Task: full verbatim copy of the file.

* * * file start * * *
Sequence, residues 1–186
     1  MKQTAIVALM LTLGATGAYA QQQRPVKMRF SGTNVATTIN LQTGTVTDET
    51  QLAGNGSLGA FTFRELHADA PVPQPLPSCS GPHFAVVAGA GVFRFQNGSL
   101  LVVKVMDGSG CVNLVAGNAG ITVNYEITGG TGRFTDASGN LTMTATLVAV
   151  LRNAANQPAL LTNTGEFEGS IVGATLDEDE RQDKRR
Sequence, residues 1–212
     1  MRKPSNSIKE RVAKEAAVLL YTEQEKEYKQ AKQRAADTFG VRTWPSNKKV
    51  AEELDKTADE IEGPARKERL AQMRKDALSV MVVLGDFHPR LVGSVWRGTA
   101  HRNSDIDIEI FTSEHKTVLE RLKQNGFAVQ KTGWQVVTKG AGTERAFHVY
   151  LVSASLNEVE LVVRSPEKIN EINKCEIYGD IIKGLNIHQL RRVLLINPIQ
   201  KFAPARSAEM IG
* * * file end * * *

Sequence, residues 1–186
     1  MKQTAIVALM LTLGATGAYA QQQRPVKMRF SGTNVATTIN LQTGTVTDET
    51  QLAGNGSLGA FTFRELHADA PVPQPLPSCS GPHFAVVAGA GVFRFQNGSL
   101  LVVKVMDGSG CVNLVAGNAG ITVNYEITGG TGRFTDASGN LTMTATLVAV
   151  LRNAANQPAL LTNTGEFEGS IVGATLDEDE RQDKRR
Sequence, residues 1–212
     1  MRKPSNSIKE RVAKEAAVLL YTEQEKEYKQ AKQRAADTFG VRTWPSNKKV
    51  AEELDKTADE IEGPARKERL AQMRKDALSV MVVLGDFHPR LVGSVWRGTA
   101  HRNSDIDIEI FTSEHKTVLE RLKQNGFAVQ KTGWQVVTKG AGTERAFHVY
   151  LVSASLNEVE LVVRSPEKIN EINKCEIYGD IIKGLNIHQL RRVLLINPIQ
   201  KFAPARSAEM IG